When the Legion expansion pack launches next summer for Blizzard Entertainment’s World of Warcraft massively multiplayer online role-playing game, it will include one new class: the demon hunter.
At BlizzCon this weekend, GamesBeat arranged a special chance to play through the entire starting experience demo for that class, which took a little under two hours. It’s the first new class added to the game since monks came on the scene as part of the Mists of Pandaria expansion more than three years ago.
Much like the death knight class before it, you’ll start a little under the level cap when you begin as a demon hunter. Currently, players can reach level 100 in the Warlords of Draenor expansion pack; they will achieve level 110 in Legion. Demon hunters start at level 98 in their own special leveling zone: Mardum, in the Shattered Abyss.
I won’t go into the lore much here, but demon hunters are elves pledged to fight the invasion of the Burning Legion demons — by stealing their powers and using them against them. Demon hunters are a leather-wearing melee class, using glaives as weapons and agility as a primary stat.
First step: Pick your looks
The character customization screens for demon hunters are a bit different from other classes. You may choose between blood elf for Horde-faction demon hunters or night elf for Alliance. In addition to the usual options, you may customize your tattoos, your horns, and your blindfold. These stay with you regardless of what armor your character wears.
This means you won’t go visually helmless as a demon hunter; however, one of the “blindfold” choices offers glowing green, flaming eyes without an actual blindfold. Needless to say, I jumped on that one right away.
Other differences in character customization include skin color choices, which include some options with scales (and some with more or less muscle). Demon hunter garb is skin-baring for both genders, so you’ll be seeing a lot of those choices, and your tattoos.
The tattoos themselves are in fixed color-plus-pattern combinations. Most are bright evil green or purple, and the patterns themselves are vaguely tribal — not a surprise, given the similar patterns on Illidan Stormrage, the former Warcraft villain/boss that now leads the demon hunters in this expansion.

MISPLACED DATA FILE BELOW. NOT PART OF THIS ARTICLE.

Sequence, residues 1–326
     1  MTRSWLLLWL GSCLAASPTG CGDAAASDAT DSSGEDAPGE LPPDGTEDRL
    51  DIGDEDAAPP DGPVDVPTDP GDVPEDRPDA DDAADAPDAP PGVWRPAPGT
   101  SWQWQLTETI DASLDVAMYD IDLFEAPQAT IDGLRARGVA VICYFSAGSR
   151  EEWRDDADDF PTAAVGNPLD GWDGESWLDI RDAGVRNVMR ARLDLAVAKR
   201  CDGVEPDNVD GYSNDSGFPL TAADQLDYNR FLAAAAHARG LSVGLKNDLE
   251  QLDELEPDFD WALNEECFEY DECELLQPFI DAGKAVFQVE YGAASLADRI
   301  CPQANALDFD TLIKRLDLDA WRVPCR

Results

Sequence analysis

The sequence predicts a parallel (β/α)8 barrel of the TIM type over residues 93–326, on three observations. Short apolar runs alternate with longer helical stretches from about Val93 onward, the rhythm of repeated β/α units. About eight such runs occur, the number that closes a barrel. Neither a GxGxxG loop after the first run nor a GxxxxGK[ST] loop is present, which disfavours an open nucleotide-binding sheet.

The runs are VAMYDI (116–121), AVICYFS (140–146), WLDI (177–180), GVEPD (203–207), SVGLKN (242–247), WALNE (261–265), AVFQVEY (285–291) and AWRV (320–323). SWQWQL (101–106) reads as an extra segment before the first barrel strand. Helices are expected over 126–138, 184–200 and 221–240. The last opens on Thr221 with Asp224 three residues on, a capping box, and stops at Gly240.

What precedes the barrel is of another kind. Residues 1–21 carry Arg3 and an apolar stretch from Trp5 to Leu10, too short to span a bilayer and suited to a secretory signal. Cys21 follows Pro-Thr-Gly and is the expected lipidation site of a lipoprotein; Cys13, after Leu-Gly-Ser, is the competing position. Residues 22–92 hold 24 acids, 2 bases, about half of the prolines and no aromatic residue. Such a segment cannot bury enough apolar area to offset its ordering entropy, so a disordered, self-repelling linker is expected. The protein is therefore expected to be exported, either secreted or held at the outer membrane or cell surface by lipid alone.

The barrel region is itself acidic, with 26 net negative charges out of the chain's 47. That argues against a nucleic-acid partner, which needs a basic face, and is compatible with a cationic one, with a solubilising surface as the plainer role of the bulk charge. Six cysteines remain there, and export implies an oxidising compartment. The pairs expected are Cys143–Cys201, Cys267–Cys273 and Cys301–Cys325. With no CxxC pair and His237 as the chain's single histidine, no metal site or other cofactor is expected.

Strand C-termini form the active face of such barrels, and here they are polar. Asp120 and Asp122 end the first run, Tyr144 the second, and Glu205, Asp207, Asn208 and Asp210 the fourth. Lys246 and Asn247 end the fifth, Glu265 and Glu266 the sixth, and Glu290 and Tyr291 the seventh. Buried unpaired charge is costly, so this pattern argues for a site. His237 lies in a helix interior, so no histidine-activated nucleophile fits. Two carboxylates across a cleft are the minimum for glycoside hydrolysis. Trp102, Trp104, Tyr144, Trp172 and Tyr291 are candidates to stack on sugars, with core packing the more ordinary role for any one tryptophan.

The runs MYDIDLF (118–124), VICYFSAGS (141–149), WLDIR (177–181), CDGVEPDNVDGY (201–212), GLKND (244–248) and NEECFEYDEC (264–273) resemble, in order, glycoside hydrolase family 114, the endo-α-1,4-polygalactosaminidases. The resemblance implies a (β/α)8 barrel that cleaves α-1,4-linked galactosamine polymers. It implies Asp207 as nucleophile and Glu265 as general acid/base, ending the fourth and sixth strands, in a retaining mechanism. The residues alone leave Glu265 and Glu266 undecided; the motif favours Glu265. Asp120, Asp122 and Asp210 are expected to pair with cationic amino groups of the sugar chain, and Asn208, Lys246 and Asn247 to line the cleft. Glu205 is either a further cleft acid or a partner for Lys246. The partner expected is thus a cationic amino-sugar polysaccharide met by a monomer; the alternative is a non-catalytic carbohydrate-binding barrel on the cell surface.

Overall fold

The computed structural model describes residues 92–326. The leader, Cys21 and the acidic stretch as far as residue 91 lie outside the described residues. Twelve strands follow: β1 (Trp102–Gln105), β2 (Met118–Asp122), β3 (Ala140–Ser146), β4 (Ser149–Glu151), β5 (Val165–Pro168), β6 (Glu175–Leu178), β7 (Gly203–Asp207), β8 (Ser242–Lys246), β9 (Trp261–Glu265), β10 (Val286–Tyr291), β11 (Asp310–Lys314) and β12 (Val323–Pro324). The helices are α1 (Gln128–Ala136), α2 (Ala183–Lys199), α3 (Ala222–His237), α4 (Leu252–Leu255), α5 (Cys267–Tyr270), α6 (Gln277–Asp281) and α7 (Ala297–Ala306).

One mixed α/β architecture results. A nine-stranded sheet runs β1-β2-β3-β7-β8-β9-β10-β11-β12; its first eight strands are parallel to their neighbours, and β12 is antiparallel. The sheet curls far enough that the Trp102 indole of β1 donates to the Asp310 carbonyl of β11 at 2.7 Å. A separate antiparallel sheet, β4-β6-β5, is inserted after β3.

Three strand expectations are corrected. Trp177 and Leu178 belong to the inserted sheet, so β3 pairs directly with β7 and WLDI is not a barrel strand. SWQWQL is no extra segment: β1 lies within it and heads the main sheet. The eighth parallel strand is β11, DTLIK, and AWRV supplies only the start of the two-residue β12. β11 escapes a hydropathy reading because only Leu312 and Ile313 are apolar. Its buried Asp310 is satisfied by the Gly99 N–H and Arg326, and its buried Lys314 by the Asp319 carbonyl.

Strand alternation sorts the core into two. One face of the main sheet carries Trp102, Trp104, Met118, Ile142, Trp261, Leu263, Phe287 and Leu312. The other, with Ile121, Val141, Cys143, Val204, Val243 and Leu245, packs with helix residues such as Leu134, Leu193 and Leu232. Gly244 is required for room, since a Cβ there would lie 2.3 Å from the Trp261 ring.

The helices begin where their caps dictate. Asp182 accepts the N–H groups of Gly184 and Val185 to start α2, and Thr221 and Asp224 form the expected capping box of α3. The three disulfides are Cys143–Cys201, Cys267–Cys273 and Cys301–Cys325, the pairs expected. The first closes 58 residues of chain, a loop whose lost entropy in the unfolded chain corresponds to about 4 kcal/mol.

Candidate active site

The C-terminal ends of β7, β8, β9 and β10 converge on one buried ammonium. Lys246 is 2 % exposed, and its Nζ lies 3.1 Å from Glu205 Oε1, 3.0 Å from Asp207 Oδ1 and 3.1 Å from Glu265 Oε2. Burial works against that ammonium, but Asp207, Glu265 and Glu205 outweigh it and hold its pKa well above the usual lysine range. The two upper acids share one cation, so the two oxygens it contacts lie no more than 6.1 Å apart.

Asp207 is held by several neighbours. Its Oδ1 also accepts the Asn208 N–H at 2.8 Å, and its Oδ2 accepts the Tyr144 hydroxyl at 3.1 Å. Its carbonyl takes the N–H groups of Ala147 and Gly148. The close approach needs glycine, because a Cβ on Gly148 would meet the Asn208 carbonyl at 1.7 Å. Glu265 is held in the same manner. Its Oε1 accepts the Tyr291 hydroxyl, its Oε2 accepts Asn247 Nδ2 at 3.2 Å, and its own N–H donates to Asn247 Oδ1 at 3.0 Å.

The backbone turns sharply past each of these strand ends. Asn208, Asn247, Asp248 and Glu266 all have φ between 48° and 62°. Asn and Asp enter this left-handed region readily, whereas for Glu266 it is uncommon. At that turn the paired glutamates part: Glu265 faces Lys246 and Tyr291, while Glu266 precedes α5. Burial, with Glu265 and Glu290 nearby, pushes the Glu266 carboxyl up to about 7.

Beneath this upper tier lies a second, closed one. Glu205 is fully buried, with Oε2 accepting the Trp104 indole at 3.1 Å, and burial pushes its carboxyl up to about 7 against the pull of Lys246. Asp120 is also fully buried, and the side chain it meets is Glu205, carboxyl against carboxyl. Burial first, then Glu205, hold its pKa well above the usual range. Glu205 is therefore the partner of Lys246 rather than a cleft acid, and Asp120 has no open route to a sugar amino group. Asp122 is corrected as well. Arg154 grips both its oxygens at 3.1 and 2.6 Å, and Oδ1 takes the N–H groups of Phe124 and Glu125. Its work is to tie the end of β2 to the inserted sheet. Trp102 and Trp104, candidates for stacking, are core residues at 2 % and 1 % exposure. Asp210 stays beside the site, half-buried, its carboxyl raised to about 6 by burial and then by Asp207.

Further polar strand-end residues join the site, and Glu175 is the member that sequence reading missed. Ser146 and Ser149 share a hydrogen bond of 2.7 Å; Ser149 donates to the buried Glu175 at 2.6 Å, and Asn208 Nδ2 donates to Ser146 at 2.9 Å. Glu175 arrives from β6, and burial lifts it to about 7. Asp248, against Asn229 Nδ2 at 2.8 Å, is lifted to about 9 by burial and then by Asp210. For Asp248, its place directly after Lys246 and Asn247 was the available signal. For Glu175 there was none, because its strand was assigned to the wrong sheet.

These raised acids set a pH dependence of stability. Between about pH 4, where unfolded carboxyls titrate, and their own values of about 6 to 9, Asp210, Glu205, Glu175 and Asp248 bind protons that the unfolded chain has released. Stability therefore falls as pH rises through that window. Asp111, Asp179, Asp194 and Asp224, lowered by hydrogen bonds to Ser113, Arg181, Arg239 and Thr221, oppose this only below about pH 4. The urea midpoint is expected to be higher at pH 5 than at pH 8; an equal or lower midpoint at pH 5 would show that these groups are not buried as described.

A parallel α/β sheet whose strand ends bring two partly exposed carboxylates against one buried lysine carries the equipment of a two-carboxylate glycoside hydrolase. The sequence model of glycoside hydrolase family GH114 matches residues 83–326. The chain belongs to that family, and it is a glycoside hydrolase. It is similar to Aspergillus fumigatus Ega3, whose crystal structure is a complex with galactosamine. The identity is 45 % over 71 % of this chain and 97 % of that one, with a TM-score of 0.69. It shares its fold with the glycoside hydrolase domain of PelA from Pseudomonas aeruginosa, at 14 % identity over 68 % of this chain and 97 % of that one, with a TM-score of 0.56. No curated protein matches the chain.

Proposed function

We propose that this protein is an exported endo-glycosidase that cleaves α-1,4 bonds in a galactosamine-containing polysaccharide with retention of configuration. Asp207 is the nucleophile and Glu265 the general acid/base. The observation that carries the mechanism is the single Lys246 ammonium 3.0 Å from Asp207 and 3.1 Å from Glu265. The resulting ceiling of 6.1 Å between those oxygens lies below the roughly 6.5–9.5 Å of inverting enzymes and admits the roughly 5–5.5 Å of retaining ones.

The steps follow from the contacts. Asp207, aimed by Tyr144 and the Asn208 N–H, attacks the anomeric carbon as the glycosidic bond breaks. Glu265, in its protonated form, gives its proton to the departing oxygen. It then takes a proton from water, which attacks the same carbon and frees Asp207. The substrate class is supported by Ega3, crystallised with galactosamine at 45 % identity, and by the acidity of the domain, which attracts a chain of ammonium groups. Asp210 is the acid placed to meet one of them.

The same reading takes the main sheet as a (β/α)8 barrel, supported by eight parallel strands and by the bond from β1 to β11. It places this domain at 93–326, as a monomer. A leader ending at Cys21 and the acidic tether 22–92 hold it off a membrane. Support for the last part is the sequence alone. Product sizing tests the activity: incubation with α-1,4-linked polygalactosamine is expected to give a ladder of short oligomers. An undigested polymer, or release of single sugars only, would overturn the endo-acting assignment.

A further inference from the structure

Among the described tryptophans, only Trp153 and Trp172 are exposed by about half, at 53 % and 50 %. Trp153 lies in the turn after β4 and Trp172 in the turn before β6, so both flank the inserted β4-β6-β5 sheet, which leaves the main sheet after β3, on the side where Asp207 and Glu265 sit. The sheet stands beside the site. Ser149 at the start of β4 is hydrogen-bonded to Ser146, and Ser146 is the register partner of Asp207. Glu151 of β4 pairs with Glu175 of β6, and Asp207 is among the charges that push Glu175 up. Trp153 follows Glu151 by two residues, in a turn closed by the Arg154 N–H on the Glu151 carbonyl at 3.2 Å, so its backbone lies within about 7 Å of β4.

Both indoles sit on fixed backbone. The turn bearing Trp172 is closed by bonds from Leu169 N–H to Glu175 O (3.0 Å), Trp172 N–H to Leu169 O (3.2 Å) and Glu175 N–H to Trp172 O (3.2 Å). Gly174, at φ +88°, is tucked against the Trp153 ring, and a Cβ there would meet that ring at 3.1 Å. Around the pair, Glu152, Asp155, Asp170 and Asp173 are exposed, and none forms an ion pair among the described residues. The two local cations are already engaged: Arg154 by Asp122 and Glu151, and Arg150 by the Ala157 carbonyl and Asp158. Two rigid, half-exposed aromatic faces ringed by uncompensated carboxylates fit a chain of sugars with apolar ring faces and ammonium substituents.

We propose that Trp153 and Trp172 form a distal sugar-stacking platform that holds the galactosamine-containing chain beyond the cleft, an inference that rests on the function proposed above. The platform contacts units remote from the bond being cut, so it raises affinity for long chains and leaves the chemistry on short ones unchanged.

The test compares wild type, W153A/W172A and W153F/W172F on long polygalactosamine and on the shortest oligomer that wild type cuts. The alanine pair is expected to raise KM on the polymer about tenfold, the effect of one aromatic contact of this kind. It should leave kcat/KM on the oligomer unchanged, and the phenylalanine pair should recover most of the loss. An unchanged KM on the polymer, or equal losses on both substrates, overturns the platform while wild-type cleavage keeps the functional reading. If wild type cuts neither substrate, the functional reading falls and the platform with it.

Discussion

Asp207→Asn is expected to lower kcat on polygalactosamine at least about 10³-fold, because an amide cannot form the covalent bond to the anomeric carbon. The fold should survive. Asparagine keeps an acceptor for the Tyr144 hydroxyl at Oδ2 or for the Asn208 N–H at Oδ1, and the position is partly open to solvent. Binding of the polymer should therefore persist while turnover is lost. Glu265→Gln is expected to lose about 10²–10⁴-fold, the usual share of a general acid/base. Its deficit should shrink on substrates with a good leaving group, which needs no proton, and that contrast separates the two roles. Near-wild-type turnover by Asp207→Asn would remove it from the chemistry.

Horns range from tiny devil nubs to Illidan’s enormous swept-back curves to models that I referred to as Draenei (like the Alliance race of spacefarers), ibix, goats, and rams. I couldn’t find an option to skip horns.
Earring options were normal for elves, but I’ll note they look a little strange in combination with horns, since they’re all a little dainty. I chose to go without. Hairstyles and colors appeared to be the normal choices.
Facial options included different than usual choices such as scars, studlike spikes, and fractured, glowing cracks.
Racial dances are the same for demon hunters as for other elf classes, but the jokes and flirting emotes players can trigger with /silly and /flirt and /train commands are different and specific to demon hunters. You get the Illidari title for your character to start, though it’s unclear whether you keep it or whether your other, non-demon hunter characters can use it as well.
The starting gear for demon hunters includes a pair of glaives whose looks are modestly reminiscent of the legendary Warglaives of Azzinoth, which dropped from Illidan in the old Black Temple large-group raid dungeon.
Your starting armor mostly carries an item level of 660 in uncommon/green quality, and doesn’t cover much: Males are shirtless, and females wear a fairly tiny chestband. The overall look feels demonic, Illidan-like, and fun, and you’ll likely choose to hang onto this well-designed set for transmogrification of other armor later.
As Blizzard designer Jonathan LeCraft said in a BlizzCon panel Saturday: “They wear leather armor — not often on the shirt area. They take the weapons of the enemy: warglaives, fel magic, sculpted biceps — everything. And they look good.”
Next up: Go kill things
Questing through the starting zone doesn’t feel much different from any other, and most of the quests are standard “kill this, click on that” sorts of missions. Most of the exceptions come from quests designed to help you to learn your new demon hunter abilities, which you pick up gradually through the zone as quest rewards. It certainly didn’t feel as epic as the death knight starting area.
One early quest asks you to make an interesting decision, but it doesn’t appear to change the consequences of events in the zone. Hint: If you want to hear some extra dialogue from Illidan, opt to die when the time comes. You will take charge of some interesting forces in your fight to save the temple; I found this the most compelling part of the zone’s content, but it doesn’t feel too fleshed out yet.
You’ll notice some new quality of life improvements right away. Targets have actual targeting circles on the ground underneath them, making it easier to see which monster in a group you have selected. It has a metric ton of voice dialogue: Quest givers talk to you, and the humanoid creatures you fight verbally spar with you. Above it all, the region’s villains give voice commands to their crew, and you’ll see their heads pop up on screen with their dialogue so you won’t miss it.